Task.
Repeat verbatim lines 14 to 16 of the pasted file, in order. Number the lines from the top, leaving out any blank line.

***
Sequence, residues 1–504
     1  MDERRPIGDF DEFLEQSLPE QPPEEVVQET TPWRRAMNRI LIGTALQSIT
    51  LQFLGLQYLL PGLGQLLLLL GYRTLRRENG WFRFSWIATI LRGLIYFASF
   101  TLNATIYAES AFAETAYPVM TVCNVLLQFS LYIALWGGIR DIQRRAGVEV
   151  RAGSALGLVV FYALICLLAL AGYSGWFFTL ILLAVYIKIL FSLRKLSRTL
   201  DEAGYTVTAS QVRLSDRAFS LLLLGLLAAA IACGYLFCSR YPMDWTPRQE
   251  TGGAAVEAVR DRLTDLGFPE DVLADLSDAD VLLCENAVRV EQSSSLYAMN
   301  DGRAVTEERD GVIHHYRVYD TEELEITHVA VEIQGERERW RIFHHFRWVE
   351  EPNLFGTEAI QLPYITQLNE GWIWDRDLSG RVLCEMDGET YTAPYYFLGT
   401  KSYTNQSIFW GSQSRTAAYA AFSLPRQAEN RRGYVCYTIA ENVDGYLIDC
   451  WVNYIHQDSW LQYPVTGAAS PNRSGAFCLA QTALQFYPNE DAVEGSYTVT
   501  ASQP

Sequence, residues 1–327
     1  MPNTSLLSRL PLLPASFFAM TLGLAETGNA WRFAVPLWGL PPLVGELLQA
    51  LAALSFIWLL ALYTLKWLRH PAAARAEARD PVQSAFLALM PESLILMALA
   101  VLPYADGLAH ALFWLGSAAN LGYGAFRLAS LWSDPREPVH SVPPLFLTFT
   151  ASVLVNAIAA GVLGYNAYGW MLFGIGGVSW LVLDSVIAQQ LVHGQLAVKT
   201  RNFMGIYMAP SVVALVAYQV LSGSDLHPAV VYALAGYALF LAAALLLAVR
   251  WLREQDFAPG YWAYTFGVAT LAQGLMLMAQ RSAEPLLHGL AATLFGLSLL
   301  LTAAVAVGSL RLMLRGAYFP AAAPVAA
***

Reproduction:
     1  MPNTSLLSRL PLLPASFFAM TLGLAETGNA WRFAVPLWGL PPLVGELLQA
    51  LAALSFIWLL ALYTLKWLRH PAAARAEARD PVQSAFLALM PESLILMALA
   101  VLPYADGLAH ALFWLGSAAN LGYGAFRLAS LWSDPREPVH SVPPLFLTFT